HUNTER women who have experienced violence are being urged to strengthen their "shark cage", through an empowerment program that aims to increase understanding of their rights and awareness of abusive and respectful behaviours.
Got Your Back Sista (GYBS) caseworker Roz Smee will next week wrap up the organisation's first session of its Shark Cage program. The next session, which starts on November 1, is already full.
The program is based on psychologist Ursula Benstead's framework, which is built on the concept of universal human rights and a way to prevent, understand and heal from violence.
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"She often had a lot of women say to her 'Why me? Do I have a sign on my head that says 'Abuse me'? I keep finding these same kinds of men who abuse me, it must be my fault, there's something wrong with me'," Ms Smee said.
"She wrote this program around helping the women to understand it is never the victim's fault and while there is nothing wrong with you, there is something you can do to help prevent and minimise abuse in the future - and what she was talking about was building a really strong shark cage around people."
Ms Smee said each bar of the cage represents a human rights boundary.
She said people brought up in healthy environments had strong cages and had learned they should be treated respectfully.
"If we were taught through words and actions it's not okay for people to hit us, then that's another bar in our shark cage, so 'I have the right to live free from physical abuse'."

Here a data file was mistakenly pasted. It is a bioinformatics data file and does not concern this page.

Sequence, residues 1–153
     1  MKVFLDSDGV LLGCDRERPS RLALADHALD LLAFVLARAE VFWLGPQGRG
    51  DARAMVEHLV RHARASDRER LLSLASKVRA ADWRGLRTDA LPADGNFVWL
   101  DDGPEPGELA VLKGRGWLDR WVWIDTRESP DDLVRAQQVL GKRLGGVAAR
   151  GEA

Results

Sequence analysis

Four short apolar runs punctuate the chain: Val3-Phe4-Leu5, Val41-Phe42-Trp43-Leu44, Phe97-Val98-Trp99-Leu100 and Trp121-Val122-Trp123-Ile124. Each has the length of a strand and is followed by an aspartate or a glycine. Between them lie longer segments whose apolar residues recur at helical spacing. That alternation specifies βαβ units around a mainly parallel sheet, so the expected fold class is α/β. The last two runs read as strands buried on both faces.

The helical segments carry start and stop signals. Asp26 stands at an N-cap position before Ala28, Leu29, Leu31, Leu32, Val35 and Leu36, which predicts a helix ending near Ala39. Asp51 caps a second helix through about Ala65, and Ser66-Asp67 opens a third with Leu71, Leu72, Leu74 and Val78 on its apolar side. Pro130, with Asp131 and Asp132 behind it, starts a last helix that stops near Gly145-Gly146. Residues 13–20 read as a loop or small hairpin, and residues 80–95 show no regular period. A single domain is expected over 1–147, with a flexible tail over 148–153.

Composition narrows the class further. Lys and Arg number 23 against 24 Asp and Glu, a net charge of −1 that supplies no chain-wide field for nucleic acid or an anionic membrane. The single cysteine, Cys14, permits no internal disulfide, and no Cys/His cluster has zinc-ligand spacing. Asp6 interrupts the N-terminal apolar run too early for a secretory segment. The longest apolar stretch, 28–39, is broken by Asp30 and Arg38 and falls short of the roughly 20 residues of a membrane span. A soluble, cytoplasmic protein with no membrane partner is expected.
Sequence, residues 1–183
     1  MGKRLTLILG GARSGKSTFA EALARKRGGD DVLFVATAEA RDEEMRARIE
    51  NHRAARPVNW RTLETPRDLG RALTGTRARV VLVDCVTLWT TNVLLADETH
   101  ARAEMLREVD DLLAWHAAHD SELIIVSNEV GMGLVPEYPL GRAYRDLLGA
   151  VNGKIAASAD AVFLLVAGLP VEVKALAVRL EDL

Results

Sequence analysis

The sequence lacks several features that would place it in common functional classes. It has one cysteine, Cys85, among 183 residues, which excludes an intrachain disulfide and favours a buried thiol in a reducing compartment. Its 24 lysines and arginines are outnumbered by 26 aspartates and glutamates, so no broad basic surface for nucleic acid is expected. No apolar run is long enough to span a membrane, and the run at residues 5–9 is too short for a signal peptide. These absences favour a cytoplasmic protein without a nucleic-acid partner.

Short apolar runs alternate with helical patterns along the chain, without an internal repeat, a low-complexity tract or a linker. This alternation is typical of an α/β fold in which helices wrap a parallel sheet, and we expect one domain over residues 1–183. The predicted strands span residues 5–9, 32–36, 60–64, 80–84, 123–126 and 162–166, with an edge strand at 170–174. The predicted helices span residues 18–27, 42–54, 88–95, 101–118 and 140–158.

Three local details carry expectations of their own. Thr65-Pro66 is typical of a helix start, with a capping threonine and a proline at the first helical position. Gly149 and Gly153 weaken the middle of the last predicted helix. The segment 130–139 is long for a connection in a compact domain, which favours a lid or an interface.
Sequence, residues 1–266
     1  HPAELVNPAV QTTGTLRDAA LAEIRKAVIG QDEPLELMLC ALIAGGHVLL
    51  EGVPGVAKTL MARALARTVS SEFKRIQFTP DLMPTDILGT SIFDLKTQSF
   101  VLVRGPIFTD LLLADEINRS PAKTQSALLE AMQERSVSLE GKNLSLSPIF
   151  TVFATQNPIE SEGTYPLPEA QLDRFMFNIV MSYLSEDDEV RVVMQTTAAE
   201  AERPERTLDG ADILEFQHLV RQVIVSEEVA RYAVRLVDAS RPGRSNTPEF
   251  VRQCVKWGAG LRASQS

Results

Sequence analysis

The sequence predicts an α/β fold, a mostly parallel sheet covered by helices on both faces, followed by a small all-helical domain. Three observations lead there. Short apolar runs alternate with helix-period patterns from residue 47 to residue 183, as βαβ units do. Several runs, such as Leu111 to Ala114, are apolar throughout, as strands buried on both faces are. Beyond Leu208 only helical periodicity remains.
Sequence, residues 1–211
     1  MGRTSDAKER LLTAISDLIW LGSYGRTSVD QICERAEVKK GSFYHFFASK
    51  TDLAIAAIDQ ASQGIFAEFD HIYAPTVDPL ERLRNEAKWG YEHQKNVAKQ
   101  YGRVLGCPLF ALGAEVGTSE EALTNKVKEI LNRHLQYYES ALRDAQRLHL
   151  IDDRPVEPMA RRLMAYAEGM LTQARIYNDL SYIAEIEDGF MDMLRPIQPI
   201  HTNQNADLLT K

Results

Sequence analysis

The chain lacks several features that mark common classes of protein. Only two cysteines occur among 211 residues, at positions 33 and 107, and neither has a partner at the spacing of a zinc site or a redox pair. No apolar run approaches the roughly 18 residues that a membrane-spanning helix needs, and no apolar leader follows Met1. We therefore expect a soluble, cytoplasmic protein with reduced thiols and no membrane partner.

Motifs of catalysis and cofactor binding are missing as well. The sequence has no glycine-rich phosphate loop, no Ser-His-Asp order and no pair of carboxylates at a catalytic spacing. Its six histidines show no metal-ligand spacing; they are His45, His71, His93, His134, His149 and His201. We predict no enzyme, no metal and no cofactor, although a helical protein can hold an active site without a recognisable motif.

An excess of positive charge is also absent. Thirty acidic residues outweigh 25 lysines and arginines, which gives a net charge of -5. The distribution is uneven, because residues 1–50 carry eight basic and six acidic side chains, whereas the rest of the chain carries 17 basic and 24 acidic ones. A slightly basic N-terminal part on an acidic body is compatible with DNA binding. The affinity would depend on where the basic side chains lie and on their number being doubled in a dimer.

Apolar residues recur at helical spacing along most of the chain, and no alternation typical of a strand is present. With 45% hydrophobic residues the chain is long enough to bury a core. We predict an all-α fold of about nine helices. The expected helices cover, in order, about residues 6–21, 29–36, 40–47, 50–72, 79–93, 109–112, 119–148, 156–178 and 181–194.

While some people's cages are "broken or rusty", they can be rebuilt.
The program teaches participants about their rights and how to assert and defend these safely.
They also learn how to identify dolphins - or people they have healthy relationships with and who respect their rights - and sharks, who don't.
"We talk about how the shark cage is their alarm system and how to tune back into their body. We often talk about listening to your gut feeling, your gut is always right."
Ms Smee said several services ran the program when they could, but the level of need was enough for it to be offered more broadly, every term and at night too.
"This stuff also needs to be taught in schools, because it's basically a bullying program and perpetrators are the ultimate bullies."
GYBS' eventI Run For Her is October 24.
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